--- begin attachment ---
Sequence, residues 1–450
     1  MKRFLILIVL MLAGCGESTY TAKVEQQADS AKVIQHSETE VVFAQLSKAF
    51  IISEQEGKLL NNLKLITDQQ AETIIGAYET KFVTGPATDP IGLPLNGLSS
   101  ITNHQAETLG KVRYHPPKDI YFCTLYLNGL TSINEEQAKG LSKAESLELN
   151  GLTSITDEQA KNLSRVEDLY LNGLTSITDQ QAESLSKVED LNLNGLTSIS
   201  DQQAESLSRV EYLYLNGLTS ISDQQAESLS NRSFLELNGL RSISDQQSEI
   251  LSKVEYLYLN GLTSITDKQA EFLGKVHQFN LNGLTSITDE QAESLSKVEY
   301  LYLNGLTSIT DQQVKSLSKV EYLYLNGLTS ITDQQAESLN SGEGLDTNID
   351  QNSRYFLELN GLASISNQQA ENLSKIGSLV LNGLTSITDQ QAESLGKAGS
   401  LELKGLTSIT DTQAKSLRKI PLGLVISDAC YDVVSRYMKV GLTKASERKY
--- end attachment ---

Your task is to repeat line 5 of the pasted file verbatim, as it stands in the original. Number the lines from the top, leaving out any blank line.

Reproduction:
   151  GLTSITDEQA KNLSRVEDLY LNGLTSITDQ QAESLSKVED LNLNGLTSIS